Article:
- Since the 1970 Clean Air Act, the federal government has let California set stricter emission standards and to be joined by other states that wish to follow the same regulations.
- California's waiver has never been permanently revoked by any administration, but the law allows the federal government to do so. President Trump claims automakers would be "out of business" without such an intervention.
- Automakers are less bullish. Less than two months ago, Ford, Honda, Volkswagen, and BMW struck a deal with California to achieve a 50-mpg standard by the 2026 model year in spite of federal rollbacks. Now they'll have to decide whether to push ahead with that pledge.
In the year since the Environmental Protection Agency said it would lower fuel-economy requirements on 2021 through 2026 model year vehicles, California has been in the crosshairs. Now, the Golden State's nearly 50-year run of setting tougher requirements—along with its iron mandate for electric cars enforced by 10 other states—could be over.
On Wednesday, President Trump tweeted that the EPA would soon revoke California's waiver under the 1970 Clean Air Act "in order to produce far less expensive cars for the consumer." At issue is the legality of California, under the California Air Resources Board (CARB), to force automakers to comply with a separate standard that supersedes the federal standard.
The Trump Administration is revoking California’s Federal Waiver on emissions in order to produce far less expensive cars for the consumer, while at the same time making the cars substantially SAFER. This will lead to more production because of this pricing and safety......— Donald J. Trump (@realDonaldTrump) September 18, 2019
"Many more cars will be produced under the new and uniform standard, meaning significantly more JOBS, JOBS, JOBS!" he tweeted Wednesday. "Automakers should seize this opportunity because without this alternative to California, you will be out of business."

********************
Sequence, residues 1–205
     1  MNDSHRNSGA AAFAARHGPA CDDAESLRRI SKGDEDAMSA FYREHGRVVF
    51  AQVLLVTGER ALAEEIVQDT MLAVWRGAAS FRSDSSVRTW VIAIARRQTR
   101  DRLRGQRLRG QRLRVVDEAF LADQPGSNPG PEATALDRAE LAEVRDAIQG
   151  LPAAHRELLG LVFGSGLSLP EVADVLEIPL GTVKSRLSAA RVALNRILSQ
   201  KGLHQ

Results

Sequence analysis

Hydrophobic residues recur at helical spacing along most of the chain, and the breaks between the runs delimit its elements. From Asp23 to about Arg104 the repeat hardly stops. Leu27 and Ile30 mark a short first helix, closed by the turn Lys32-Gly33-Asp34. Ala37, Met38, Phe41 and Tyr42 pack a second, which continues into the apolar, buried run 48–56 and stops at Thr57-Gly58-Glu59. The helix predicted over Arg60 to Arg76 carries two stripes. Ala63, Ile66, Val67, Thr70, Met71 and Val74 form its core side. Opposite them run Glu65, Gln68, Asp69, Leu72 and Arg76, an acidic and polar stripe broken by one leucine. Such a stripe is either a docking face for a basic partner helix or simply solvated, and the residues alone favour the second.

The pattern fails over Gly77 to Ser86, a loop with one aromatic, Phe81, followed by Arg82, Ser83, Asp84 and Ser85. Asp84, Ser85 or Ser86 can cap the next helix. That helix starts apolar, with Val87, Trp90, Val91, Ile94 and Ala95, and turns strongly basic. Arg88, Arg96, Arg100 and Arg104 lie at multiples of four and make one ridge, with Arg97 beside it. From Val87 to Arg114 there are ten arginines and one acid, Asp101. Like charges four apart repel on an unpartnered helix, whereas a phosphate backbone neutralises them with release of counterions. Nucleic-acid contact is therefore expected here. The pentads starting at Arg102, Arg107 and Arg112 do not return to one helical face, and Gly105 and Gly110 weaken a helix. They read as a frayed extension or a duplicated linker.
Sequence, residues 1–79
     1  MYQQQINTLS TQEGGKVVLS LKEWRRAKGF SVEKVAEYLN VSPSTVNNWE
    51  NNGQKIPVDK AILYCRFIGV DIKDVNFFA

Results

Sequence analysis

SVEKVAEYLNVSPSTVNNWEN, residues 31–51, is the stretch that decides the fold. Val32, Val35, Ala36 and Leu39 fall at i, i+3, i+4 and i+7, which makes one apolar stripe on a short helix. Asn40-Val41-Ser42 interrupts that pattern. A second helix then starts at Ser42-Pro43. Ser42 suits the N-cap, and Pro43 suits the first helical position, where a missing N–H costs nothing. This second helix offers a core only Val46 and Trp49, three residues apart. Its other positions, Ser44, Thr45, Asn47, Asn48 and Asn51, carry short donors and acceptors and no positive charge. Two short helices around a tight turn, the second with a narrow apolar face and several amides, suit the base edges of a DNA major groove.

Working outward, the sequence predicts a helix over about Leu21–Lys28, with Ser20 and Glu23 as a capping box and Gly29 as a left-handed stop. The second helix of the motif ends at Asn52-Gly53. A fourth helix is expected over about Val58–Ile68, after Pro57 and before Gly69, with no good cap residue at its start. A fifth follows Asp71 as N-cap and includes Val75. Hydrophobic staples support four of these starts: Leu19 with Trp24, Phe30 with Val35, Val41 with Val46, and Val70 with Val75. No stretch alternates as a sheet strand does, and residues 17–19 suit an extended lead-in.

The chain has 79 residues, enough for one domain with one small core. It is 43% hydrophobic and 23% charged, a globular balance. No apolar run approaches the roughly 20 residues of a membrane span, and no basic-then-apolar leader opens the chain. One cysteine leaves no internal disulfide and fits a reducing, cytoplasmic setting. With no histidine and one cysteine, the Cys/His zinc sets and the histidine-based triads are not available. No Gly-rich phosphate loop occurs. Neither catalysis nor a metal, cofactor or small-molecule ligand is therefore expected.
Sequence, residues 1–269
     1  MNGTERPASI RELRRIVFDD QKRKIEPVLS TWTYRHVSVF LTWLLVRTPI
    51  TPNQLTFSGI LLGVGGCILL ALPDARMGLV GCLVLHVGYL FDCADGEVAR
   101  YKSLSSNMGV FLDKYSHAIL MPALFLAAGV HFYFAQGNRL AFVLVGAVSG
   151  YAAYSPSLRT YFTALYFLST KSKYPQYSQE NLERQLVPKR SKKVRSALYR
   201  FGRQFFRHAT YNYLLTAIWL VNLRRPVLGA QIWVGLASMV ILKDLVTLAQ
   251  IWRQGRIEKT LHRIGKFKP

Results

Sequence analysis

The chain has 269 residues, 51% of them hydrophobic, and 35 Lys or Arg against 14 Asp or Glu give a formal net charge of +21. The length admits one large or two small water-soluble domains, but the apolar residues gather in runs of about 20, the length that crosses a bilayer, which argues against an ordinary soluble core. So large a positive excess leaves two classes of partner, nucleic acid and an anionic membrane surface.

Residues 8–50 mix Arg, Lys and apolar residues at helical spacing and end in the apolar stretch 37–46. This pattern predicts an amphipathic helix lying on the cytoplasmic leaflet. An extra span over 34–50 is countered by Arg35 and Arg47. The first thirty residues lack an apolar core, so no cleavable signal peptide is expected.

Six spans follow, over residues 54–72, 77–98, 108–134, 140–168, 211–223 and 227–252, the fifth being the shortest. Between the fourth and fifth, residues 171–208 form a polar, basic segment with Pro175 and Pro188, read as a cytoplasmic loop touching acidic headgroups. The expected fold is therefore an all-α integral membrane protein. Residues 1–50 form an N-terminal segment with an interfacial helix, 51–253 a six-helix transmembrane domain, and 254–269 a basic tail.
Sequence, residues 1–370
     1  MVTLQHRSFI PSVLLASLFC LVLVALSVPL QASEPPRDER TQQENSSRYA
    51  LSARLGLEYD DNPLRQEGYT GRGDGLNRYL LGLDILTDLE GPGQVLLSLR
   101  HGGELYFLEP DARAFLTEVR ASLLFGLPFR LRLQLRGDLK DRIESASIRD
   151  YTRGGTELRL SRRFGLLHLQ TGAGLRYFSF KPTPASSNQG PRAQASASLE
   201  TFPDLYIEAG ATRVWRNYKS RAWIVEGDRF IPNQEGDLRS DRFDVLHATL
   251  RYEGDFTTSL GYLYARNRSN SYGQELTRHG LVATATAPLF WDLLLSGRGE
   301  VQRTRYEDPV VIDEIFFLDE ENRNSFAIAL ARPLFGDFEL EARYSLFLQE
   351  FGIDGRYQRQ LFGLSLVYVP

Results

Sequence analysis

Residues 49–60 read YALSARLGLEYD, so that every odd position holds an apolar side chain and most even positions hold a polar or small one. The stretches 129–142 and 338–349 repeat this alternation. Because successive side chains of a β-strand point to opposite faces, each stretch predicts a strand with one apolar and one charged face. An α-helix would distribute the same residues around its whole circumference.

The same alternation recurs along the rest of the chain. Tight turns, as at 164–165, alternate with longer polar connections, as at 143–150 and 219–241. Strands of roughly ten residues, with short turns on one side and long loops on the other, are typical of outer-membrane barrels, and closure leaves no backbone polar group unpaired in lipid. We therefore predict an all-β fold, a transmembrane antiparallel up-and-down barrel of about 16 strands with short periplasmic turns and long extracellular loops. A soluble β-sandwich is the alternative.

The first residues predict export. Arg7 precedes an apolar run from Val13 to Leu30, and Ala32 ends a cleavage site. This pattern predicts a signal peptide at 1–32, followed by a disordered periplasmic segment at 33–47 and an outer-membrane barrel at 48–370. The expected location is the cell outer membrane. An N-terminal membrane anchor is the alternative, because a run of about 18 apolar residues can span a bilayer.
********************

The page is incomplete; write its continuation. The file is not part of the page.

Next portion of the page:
Trump also stated, without providing any basis for the claim, that this would make cars less expensive and “substantially SAFER.”
A month earlier, Trump tweeted that "when this Administration's alternative is no longer available, California will squeeze them to a point of business ruin."
How California Developed Its Mandate
Until President Obama in 2011 set the most aggressive fuel-economy targets in the industry's history, automakers for decades had to sell cars with different emissions equipment in California. The waiver was intended to let California battle its smog crisis within Los Angeles. However, under the Clean Air Act, this mandate could be challenged and revoked by the EPA at any time.
As the state's influence grew and its attention pivoted from smog-forming gases such as nitrogen oxide (the kind produced by diesel engines) to greenhouse gases like carbon dioxide, in the 1990s California began requiring automakers to sell what became known as "compliance cars." Even today, limited series of electric, hydrogen, and other alternative-fuel vehicles sell in the state—and sometimes, only a handful of others—at low volumes, and often at big losses.